If they’re made in Cuba, how can they be counterfeit habanos?
Cuban cigar factories have a very strict quality control. Any cigars that show defects are discarded or given to the factory workers for personal consumption. The quality control and government control it’s what gives Habanos such a lucrative rate.
Buying cigars on the streets is like buying factory defect t-shirts with the red mark that reads “irregular” on their packaging.
The rejected cigars end up repackaged, taken to the street and sold at a fraction of the price the factory sells them, but instead of having the red irregular mark, it will be missing a very important factory code and packaging date at the bottom of a perfectly packaged product.
You get what you pay for, when it comes to habanos, you pay for quality and taxes. If you are not a cigar aficionado and you are not willing to pay over $400 for a box of 25 “Robusto” Cohiba then I suggest to take the Cigar Hustle Tour. It’s free and it consist of visiting different houses where these “counterfeit” are hidden.
Don’t be afraid, Cuba is very safe and you will get to see how simple (some) Cubans live. My friends and I had the chance to visit few of these houses, looking for a quality habano at good price. Obviously not the same quality as the factory, but close enough. We were guided to a house near the cathedral in La vieja Habana where a very welcoming 80-year-old woman cooking dinner while watching novelas on her 40-inch flatscreen TV received us. She stopped stirring the pot, lower the fire on the stove, walked towards the dining table, and underneath it there was a big box cover with paper. Out of the big box she extracted three different type of cigars boxes and left the negotiation to our guide. After haggling for 10 minutes with her relative, We walked out of the house with a box of 25 “Robusto” Cohiba for $38. It had all the stamps, all the rings, the perfect wooden box with the Hecho a mano engravement, but no factory code or packaging date.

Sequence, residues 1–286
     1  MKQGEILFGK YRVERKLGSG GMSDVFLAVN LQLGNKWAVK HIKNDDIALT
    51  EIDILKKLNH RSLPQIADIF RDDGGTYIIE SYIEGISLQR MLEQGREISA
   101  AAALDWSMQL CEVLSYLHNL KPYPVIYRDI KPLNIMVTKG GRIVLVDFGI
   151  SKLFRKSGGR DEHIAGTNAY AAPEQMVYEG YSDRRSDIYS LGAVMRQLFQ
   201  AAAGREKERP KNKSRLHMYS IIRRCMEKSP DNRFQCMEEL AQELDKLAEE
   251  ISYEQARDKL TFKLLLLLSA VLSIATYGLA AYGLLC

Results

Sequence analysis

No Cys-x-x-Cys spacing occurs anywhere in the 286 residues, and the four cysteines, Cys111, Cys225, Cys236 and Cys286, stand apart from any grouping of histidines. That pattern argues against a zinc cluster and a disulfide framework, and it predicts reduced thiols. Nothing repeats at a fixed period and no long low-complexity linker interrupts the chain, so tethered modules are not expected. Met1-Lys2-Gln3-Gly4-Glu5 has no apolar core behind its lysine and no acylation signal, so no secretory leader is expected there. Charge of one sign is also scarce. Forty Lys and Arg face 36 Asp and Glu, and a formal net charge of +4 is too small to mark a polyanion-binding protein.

You take a risk when buying cigars that are kept in a poor environment (too dry or too humid). Some may not light up, or might burn to quick. Check carefully for molds on the wrap of the cigar, theses are usually white spots, small green spots and weblike dust, not to be confused with plume a white dust produced by the oil of tobacco leaf when it ages (Plume is good)
Here are some of the reasons “Counterfeit” cigars don’t make it to a humidor at the Fabrica de Cigarros:
- They are cut too short
- The width doesn’t match the required spec
- The tobacco leaf used to rolled the cigar has discoloration or doesn’t match the required color
- The veins in the tobacco leaf used to rolled the cigar may be thick, making the habano texture too rough.
- Mold (look carefully for these)
Other theories I heard about the streets cigars:
- They are imported from Dominican Republic, which is absurd considering the government has complete control on what goes into the country. Cuba just started allowing (cruise) ships to the island harbor.
- They are made from leftover leafs and are not rolled in a hygienic establishment.
- The tobacco leaf were never pesticide
The best way to compare a Fake vs an Original:
Cigarettes in a New York City store can cost around $12 a pack. An “illegal” pack of cigarette sold in the street may cost $5. If you buy the pack in Virginia you may find yourself paying $2 a pack. What is the difference in the prices? Taxes. A stamp at the bottom of the pack of cigarette will let you know if you are buying the NY TAXED cigarette. The same thing happens when you buy a box of Habanos in streets of Cuba. The rings, the stickers, the box they all look legit, but they will be missing the stamp at the bottom of the box with the code of the factory and the date the cigars were packaged.
A little quality and a lot of taxes that is the difference between a “Counterfeit” habano and a Company Certify.